We celebrated the Coronation with a national piping challenge to mark the beginning of a summer of activities to promote volunteering
The launch of The Big Help Out on 8 May proved to be a fantastic way for Sea Cadets to encourage volunteering. As the royal family’s chosen theme for the special Coronation Bank Holiday, The Big Help Out was also the perfect opportunity to celebrate our new King and Queen!
In true Sea Cadets style, we launched the campaign with a national challenge for everyone to join in playing the ‘Call the Hands’ at the same time. In Greenwich, enough cadets took part for it to set a new Guinness World Record!
More than 300 cadets and volunteers assembled on the lawns of the National Maritime Museum to
take part in the world’s biggest-ever ship’s whistle lesson, culminating in the traditional verbal ‘call to action’ which, on this very special occasion, became a call out to the nation to try volunteering: “Heave Ho, Heave Ho, Lash Up and Stow, All Hands Turn Out!” A unique – and incredibly loud – performance perfectly captured the spirit of The Big Help Out, with the cadets being well prepared thanks to the dedication of our wonderful volunteers.
And, as part of a Sea Cadets national challenge, the ‘special call’ was simultaneously replicated by hundreds more cadets and dozens of units around the UK – including at The King’s winter residence, Sandringham House, where Suffolk & Norfolk District were invited to pipe, and our Bristol Unit’s performance at Brunel’s iconic SS Great Britain. You can see more highlights from the day here.
A huge BZ to everyone who helped to organise the record-breaking event – a triumph of passionate volunteering and cadet enthusiasm that will raise awareness of Sea Cadets on a global stage.
And well done to the units who are embracing The Big Help Out campaign this summer by reaching out to potential volunteers in their communities, whether parents, supporters or the general public.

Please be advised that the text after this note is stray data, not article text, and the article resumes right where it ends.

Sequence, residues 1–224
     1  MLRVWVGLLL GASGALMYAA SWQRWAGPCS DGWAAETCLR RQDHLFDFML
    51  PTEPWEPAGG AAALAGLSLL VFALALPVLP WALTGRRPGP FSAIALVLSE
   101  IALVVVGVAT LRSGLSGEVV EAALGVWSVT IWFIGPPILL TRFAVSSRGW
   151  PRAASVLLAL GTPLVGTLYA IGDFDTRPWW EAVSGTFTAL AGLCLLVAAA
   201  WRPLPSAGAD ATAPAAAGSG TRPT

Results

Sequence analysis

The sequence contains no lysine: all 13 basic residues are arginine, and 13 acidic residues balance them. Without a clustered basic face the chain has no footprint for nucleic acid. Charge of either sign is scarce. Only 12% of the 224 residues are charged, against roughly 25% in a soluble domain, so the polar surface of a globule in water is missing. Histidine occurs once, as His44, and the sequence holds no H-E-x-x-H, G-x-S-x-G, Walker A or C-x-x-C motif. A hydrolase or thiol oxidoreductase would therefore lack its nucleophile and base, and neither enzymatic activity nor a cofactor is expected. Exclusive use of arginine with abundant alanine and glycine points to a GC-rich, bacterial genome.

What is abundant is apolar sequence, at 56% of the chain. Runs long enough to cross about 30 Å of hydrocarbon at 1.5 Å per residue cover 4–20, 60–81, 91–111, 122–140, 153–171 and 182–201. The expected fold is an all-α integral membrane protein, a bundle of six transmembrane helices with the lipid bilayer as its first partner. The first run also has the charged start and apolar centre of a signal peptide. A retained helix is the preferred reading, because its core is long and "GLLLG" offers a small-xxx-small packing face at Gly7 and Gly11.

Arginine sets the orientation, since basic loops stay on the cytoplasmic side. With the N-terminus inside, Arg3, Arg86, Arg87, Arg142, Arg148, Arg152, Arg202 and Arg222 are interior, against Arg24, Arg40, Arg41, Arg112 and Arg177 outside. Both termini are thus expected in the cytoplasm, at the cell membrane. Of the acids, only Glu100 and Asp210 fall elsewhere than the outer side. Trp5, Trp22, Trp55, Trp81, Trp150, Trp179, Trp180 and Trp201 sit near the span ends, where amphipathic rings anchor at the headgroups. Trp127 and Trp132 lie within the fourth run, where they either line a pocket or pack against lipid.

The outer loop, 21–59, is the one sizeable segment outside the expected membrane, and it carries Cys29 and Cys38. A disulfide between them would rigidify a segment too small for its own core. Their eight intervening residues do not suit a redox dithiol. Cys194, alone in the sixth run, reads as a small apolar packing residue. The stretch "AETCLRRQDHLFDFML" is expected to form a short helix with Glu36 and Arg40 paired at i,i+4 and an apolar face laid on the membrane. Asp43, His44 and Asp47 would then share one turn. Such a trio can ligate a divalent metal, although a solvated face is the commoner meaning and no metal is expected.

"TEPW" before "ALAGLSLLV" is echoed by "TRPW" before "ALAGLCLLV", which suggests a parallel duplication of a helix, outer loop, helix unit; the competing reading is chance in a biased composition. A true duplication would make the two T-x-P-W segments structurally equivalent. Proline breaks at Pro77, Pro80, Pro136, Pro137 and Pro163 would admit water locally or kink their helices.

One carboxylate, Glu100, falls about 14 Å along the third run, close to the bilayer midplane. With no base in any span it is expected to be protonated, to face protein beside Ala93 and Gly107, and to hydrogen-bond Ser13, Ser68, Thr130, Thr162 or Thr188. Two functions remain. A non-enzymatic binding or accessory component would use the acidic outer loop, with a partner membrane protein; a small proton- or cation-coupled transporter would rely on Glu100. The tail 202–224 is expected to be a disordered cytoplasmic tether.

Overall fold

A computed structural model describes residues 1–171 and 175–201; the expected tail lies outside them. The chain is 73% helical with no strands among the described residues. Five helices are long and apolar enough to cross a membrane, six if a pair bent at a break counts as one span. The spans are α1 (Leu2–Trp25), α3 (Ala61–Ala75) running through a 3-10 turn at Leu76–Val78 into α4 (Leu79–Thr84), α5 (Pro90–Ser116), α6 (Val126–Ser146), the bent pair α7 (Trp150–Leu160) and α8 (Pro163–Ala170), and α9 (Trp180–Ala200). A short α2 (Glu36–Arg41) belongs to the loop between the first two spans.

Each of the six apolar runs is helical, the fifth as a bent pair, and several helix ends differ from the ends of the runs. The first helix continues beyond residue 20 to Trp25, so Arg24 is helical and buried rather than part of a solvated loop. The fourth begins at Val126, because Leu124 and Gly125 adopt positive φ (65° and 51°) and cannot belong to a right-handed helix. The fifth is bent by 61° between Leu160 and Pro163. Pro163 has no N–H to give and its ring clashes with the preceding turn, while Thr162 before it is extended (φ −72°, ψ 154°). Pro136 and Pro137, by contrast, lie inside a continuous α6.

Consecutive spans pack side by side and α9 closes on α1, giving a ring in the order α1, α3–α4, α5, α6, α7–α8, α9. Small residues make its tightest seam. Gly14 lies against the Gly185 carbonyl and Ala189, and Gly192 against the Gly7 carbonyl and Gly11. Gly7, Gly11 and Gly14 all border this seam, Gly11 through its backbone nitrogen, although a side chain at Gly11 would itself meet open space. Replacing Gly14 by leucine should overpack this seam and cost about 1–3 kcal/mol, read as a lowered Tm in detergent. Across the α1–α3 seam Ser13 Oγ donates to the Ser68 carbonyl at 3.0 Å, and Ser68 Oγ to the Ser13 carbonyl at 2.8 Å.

Here are some of the other ways you got involved…
Conwy County Sea Cadets showcased volunteering opportunities and put on a display of drill and semaphore, while Harrogate Unit’s helpers got their boats gleaming in the rain.
Thirty volunteer heroes turned up to clear rubbish, cut hedges and paint walls at Felixstowe Unit, while 45 more were enlisted by Southampton Unit for a spring clean of their HQ.
Clean-ups extended to the wider community, too – including at Workington Unit where cadets and volunteers blitzed the litter from surrounding streets and quayside.
Fraserburgh Unit helped out their local environment with a beach clean at Sandhaven Harbour, while Keighley Unit collected nine bags of rubbish from their section of the Leeds & Liverpool Canal.
Worcester Unit was delighted to gain three new volunteers from The Big Help Out after opening up the boating station to family, friends and supporters – and raising over £100 in the process.
Croydon Unit also took the chance to welcome local people for an open day, where potential volunteers learned what was involved in running activities and supporting cadets.
It was fitting that The Big Help Out coincided with three Sea Cadets volunteers being chosen by HM Queen Camilla as Coronation Champions, in recognition of their extraordinary volunteering efforts. BZ to our incredible recipients, Jeremy Williams, unit chair of Rhondda Sea Cadets, Sub Lieutenant Marlene Rhodes of Rickmansworth & Watford Unit, and Ballymena Sea Cadets chair Ruth Verner, who were among just 500 people nationwide to receive a medal and a certificate signed by The King and Queen.
Thanks to The Big Help Out, and the enthusiasm of so many units across the country, Sea Cadets has become a brilliant new volunteering option for hundreds of people who could be the volunteer heroes of the future!
Photos: Sea Cadets, Nathaniel Rosa
Getting Future Ready
We recently launched our new strategy, which will help us to support
the organisation’s growth and ensure its long-term relevance
Making a difference
Every unit is part of a community. Here’s how to get involved, and some of the ways that units and cadets are already having an impact